I recently recommended a four-day work week and came under fire from people claiming it was not feasible. The biggest reason that was cited to be against it was that the public would be inconvenienced. I don’t see how extending working hours by two-hours per day for four days causes an inconvenience – it actually makes government more accessible to working people.
I don’t usually agree with David Mazur, from his letters he appears to be a Lou Magazzu apologist. He has a letter in the Daily Journal today, however, that I have to comment on.
I am concerned about the economic picture here in Cumberland County. We have serious fiscal problems, runaway, skyrocketing taxes and declining revenues. Now we have another snowstorm, which taxpayers have to pay for. This is to go along with the almost bankrupt funding we have for the county Road Department. With more than 13 percent unemployment and about 9,500 people out of work, Cumberland County cannot afford to sink much deeper.
The Cumberland County Board of Freeholders has to find an answer, and quickly, in dealing with the budget problems. Pay freezes, layoffs and furloughs may not be the right answer, but what do you do if you cannot make payroll or pay your debts?
I was so glad to have an opportunity to go to the freeholder board meeting on Jan. 27. I could see the concerned look on Freeholder Director Louis Magazzu’s face when I brought up the issue of possible layoffs in the county. What happens when an employee gets laid off? Those workers go on unemployment, which is another fund paid for by workers and taxpayers. Also, it cuts down on revenue coming into the county budget.
If this happens, the county could slide down even further economically.
The freeholders are working hard to try to find the right answers. But one thing is for sure — everyone must sacrifice in these very difficult times to help solve our budget problems.
So what can the county do? It could defer pay raises, lay off workers or institute furloughs. Let’s hope it doesn’t come to layoffs.
There is another option.
I believe that the county can go to a four-day workweek to save money. Back in 1999, I was working for Monmouth County Board of Social Services. At that time, we went to a four-day workweek, except for essential employees. This worked for the amount of time the county needed it to work. I believe that this type of format would produce a reasonable savings for the county.
David W. Mazur
It is rare that I agree with his past letters, and he could have left out the part where he waxed maudlin – “I could see the concerned look on Freeholder Director Louis Magazzu’s face” – If Lou Magazzu was concerned about the budget shortfall, he would have made it public prior to his reelection campaign, allowing the county much more time to attack it efficiently.
However – the four-day workweek does make sense. Time Magazine ran an article last year about Utah’s experiment with a four-day workweek.
After 12 months, Utah’s experiment has been deemed so successful that a new acronym could catch on: TGIT (thank God it’s Thursday). The state found that its compressed workweek resulted in a 13% reduction in energy use and estimated that employees saved as much as $6 million in gasoline costs. Altogether, the initiative will cut the state’s greenhouse-gas emissions by more than 12,000 metric tons a year. And perhaps not surprisingly, 82% of state workers say they want to keep the new schedule. “It’s beneficial for the environment and beneficial for workers,” says Lori Wadsworth, a professor at Brigham Young University who helped survey state employees. “People loved it.” Those who didn’t tended to have young children and difficulty finding extended day care.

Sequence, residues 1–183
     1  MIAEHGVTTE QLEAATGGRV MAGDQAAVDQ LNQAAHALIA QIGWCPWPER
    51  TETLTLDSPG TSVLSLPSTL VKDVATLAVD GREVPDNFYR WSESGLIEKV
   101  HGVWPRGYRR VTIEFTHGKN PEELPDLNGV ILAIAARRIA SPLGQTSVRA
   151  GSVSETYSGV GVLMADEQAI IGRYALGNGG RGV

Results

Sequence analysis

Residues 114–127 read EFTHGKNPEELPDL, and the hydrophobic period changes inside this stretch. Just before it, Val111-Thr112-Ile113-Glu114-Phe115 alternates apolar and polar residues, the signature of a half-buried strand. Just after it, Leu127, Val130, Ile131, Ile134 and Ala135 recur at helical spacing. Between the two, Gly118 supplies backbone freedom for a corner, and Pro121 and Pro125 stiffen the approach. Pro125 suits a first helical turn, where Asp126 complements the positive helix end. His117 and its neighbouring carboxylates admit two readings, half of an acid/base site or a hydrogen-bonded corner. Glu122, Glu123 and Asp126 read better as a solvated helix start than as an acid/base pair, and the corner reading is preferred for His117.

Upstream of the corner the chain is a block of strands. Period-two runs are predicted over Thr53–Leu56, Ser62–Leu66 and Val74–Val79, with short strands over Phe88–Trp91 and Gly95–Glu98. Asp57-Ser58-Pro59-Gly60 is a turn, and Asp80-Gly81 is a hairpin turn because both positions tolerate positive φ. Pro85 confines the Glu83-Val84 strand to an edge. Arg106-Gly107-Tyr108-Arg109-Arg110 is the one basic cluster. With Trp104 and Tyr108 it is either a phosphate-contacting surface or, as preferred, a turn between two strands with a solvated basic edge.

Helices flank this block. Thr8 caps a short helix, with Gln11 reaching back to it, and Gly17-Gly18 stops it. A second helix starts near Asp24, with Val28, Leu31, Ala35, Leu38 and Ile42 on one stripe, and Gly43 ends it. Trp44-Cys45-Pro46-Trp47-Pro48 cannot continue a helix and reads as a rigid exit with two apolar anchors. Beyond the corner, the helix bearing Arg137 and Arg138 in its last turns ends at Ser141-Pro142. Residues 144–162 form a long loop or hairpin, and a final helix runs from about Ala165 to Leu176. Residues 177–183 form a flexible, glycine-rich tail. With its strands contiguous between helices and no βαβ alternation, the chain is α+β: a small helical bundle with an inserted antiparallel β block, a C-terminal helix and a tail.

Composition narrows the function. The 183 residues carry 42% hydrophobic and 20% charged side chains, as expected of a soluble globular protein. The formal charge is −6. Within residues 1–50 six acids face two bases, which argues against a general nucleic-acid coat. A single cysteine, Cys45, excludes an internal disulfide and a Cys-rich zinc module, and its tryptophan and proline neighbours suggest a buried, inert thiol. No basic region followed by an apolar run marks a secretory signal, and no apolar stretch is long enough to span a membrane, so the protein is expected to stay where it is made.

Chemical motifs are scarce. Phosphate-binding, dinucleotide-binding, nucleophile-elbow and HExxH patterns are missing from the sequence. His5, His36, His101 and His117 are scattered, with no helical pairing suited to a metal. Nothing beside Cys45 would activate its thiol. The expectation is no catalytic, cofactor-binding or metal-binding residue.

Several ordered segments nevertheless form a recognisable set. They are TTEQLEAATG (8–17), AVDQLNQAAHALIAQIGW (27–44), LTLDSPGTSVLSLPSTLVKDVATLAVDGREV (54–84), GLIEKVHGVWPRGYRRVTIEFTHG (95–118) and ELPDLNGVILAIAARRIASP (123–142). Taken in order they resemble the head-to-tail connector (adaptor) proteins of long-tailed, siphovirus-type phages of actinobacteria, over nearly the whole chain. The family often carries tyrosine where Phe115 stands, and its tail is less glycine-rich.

Furloughing employees will not result in any appreciable savings. The workforce is not one of the biggest line-items, and decreasing people’s take-home pay will have a negative impact on the economy. Layoffs also do not make sense, with 14.2% unemployment (as of December), a wise Freeholder does not even entertain the idea of adding to that load. However, a four-day workweek for non-essential employees does payoff in more ways than one.And to address the concerns that the fewer days of operation would result in making government less accessible to the public, the Time article reports exactly the opposite:
The advantages of a so-called 4-10 schedule are clear: less commuting, lower utility bills. But there have been unexpected benefits as well, even for people who aren’t state employees. By staying open for more hours most days of the week, Utah’s government offices have become accessible to people who in the past had to miss work to get there in time. With the new 4-10 policy, lines at the department of motor vehicles actually got shorter. Plus, fears that working 10-hour days would lead to burnout turned out to be unfounded — Wadsworth says workers took fewer sick days and reported exercising more on Fridays.
It is time that our Freeholder board begin thinking outside the box. To continue doing the same thing that you have always done and expect different results, to misquote Einstein, is insanity. And Mr. Mazur’s letter is an indication of the sort of forward thinking that we need in this county, despite his misguided allegiance to Magazzu. Hopefully the fact that I endorse such a plan doesn’t cause Lou to disregard it out of hand!